In addition to surfing, the sport he was in the team “Anomaly Teams with Oasis Skateboard Factory“
Two years earlier Andy Irons had sat in the very same plastic lawn chair Dusty Payne sits in now.
Andy was reading a fistful of printed pages, goodwill messages from fans around the world wishing him the best for his comeback. Andy’s surfing–and Andy himself–had bottomed out in the years prior, and here he was, a three-time World Champ almost in tears over simple messages from kids in Sao Paulo and Sprecklesville and San Clemente.
Famously, Andy went on to win the contest, his first in three years.
His last. “The last time I ever spoke to him was in Portugal,” recalls Dusty. “It was four in the morning and he was leaving for the airport. He woke me up and gave me a hug and said, ‘I’ll see you in Puerto Rico. I’m so psyched, I can’t wait. I love you, brah.’ And that was it. The last time I ever saw him.” I ask Dusty what Andy would say to him now if he was here. “He’d be kicking my ass and pumping up my tires and telling me I should get out there and start taking guys down. Andy wasn’t perfect, but in a way that’s what was so great about him. He was a real person with flaws but he just found a way to be freaking awesome.”
The same challenge lies before Dusty.
The injury should at least earn him a wildcard for 2013, so it’ll be the Tour, once more with feeling. But if Dusty is to experience a personal renaissance, if Dusty is to find his place in the sun on Tour, he knows things need to change. He’s learned from Andy. Dusty knows he has to paddle out with a reason to win. He knows he needs to restore faith in both himself and his surfing, and for now he doesn’t care if that only happens for one heat. “I just want a heat–one heat–where I surf like me. Even if I fall off for a whole 30 minutes, instead of holding back and surfing like a goose, I just wanna have a dig. Throw everything at it. Surf like me. Right now that would be enough.”
I quip to him that you could write a pretty good country song about his first years on Tour. His response hints he’s ready to turn it all around. “Yeah,” he says, smirking, “But you know what they say happens when you play a country song backward? Your wife comes home and your dog comes back to life.”
The week after this story was filed, Dusty finally surfed a heat like Dusty. Not just any heat either–potentially the biggest heat anyone would surf this year, a world title riding on it. Dusty versus Kelly, with a Dusty win handing the world title to good friend Joel Parkinson. At Steamer Lane the real Dusty stood up. His body language said it all, leading with chest and fists. He surfed with purpose all the way. He fought. Then when needing a 9.5 in the dying seconds he threw an audaciously lofted Hail Mary. At first it looked a big, dumb ol’ throwaway punt like all the others he’s launched over the past two years when he’s been losing heats badly. The ones he does to mock both himself and the system, flicking the bird to the universe. Except this time he stuck it. Cold. It was his Lost Atlas air done in real time, live to the world.
It was glorious. It was his moment. He raised his arms to the screaming crowd on the bluff, and the sound of country music playing backward filled the air. The surfers’ area fizzed. The beach held a collective breath. Parko couldn’t watch. It had to be the score, surely? It had to be an … 8.27!? The Internet was flooded with interrobangs and bile while Dusty’s dark love affair with the Tour continues.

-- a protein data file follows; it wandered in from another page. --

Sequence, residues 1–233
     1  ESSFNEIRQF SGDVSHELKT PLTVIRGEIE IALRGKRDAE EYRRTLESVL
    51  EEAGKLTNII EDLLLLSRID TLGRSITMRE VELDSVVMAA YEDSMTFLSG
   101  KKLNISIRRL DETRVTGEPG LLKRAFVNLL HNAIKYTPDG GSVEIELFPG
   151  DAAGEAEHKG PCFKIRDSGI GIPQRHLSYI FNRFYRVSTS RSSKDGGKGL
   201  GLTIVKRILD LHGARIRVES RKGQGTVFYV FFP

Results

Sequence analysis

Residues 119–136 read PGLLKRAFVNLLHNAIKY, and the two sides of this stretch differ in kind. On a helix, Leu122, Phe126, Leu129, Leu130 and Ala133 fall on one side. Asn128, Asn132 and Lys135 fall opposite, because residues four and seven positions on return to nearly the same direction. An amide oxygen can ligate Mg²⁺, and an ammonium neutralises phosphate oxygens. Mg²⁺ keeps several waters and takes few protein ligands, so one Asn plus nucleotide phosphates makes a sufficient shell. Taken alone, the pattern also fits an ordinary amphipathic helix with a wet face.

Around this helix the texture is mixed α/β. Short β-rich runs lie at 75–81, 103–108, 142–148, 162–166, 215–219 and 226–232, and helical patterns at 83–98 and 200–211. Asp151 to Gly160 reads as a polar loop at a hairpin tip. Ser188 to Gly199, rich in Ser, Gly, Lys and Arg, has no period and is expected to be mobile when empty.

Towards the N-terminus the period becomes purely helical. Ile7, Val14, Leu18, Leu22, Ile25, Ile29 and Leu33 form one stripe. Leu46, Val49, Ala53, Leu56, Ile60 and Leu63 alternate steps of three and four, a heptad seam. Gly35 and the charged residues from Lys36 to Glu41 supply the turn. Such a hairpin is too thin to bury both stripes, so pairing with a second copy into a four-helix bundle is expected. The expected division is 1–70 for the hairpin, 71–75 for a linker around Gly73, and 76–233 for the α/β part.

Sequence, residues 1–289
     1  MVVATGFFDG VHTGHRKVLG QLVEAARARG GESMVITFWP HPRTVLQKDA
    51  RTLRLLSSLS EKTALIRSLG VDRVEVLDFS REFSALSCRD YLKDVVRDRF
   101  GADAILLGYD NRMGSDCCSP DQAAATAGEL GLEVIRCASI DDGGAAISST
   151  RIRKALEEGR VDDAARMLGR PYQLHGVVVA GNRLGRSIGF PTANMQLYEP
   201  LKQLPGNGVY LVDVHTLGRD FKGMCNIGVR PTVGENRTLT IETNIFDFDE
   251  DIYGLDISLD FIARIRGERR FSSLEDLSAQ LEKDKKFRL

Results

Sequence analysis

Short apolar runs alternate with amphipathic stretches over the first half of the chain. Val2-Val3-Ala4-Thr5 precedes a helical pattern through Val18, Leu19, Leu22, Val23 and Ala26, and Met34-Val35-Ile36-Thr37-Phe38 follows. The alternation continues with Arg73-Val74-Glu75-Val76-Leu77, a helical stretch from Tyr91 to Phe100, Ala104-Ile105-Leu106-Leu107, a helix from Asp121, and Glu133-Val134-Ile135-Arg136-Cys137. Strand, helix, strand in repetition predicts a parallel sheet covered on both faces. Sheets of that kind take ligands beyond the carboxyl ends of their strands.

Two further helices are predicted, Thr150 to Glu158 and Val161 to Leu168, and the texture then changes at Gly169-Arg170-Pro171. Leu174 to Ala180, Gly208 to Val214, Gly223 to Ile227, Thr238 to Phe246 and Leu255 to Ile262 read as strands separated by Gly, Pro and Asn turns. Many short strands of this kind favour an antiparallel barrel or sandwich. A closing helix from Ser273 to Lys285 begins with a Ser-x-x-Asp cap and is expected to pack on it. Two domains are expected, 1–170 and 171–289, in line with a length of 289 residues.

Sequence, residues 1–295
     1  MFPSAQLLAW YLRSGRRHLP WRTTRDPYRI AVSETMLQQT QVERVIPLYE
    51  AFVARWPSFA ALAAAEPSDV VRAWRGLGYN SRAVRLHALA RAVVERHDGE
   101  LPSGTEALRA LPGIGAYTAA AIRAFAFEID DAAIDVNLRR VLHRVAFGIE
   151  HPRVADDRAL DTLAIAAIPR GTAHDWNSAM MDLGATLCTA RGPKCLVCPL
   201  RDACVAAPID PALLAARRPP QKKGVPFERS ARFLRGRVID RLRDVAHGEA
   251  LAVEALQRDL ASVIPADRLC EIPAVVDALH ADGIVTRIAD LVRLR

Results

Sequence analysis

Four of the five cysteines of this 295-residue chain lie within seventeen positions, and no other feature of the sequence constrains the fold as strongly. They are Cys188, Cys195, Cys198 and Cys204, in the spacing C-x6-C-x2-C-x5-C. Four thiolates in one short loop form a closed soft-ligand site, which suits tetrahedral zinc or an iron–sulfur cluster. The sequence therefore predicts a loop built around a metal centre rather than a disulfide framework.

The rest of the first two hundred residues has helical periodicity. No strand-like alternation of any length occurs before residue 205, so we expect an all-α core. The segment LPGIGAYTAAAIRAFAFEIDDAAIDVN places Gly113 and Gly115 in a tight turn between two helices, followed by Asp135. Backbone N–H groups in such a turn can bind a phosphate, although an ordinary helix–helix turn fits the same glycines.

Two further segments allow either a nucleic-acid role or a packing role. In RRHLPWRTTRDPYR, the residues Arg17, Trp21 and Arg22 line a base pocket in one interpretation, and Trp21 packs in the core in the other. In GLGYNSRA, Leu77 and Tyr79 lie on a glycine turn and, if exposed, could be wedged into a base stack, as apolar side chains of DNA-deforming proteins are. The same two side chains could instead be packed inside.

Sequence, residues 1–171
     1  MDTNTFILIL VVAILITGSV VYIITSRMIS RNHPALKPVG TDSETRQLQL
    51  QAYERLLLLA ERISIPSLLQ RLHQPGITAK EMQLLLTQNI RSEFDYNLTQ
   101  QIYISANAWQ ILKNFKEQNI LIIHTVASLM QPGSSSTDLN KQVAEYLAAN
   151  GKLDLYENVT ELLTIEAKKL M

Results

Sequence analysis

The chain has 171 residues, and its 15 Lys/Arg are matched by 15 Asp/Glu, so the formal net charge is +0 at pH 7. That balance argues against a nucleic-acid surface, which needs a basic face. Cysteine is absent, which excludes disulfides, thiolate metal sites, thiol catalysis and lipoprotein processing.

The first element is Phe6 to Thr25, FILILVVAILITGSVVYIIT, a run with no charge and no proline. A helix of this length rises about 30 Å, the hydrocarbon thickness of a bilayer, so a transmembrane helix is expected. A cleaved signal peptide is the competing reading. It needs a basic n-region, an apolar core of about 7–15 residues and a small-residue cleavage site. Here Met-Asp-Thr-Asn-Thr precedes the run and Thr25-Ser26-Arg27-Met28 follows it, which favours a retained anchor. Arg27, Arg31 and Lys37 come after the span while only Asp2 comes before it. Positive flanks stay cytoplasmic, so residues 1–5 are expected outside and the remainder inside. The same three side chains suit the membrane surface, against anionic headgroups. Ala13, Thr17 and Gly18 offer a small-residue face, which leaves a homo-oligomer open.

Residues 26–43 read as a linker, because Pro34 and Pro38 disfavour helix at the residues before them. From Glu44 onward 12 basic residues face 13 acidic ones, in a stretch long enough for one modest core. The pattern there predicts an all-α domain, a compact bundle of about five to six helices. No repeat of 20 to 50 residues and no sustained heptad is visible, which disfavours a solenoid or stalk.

1. AT THE BEGINNING OF SURFING
There was no “just surfing.” Nobody just bought a board and went down and surfed. A surfer built surfboards and raced paddleboards and abalone dived–any of the great surfers were also great watermen and they had all kinds of activities they were good at. A surfer was a guy to whom the ocean was sacred.
2. DURING WORLD WAR II
When the U.S. Army wanted to land troops in North Africa and Sicily, they knew that they first needed to understand and predict the kinds of 5 waves they would encounter. So they went to a surfer at Scripps Institute of Oceanography. So in a sense, a surfer was grandly important to the history of America.
3. ONE THING ALL SURFERS HAVE IN COMMON IS
If they’re in love with surfing, then they’re in love with the sea, and if they’re in love with the sea, then they’re in love with God. That’s what makes surfing so magical.
4. I WROTE A BOOK
Called How to Choose a Mistress. Nobody’s ever read it. I couldn’t publish it now, because my wife would kill me. The book is about f–king, it’s not about love or sex; it’s about f–king. Because when you f–k up the f–king, everything deteriorates.
5. I AM VERY, VERY MOVED BY BEING A JEW
And by what happened in Hitler’s Germany. To me, as a Jew, to have this going on and not do anything, would be like you, as a surfer, paddling out and watching somebody drowning and not give them any aid.
6. HEALTH IS MORE THAN THE MERE ABSENCE OF DISEASE
Health is the presence of a superior state of well-being–a vigor, a vitality that has to be worked for, day after day.
7. A MONTH AGO
I paddled out at Waikiki. I can’t see anymore, so I catch waves by listening to the waves crash, the people laughing and having fun, and by feeling the ocean moving beneath me.
8. WE ARE ALL SMALLER THAN THE SEA
And bigger than ourselves when we ride the waves.
9. MY FATHER ALWAYS SAID
“Slow and steady wins the race” I didn’t get it at the time. I prohably had ADHD as a kid. Dad was always trying to slow me up. I still need slowing up today. I’ll say to myself, “Maybe if I slow down here I’ll actually get where I’m going quicker.”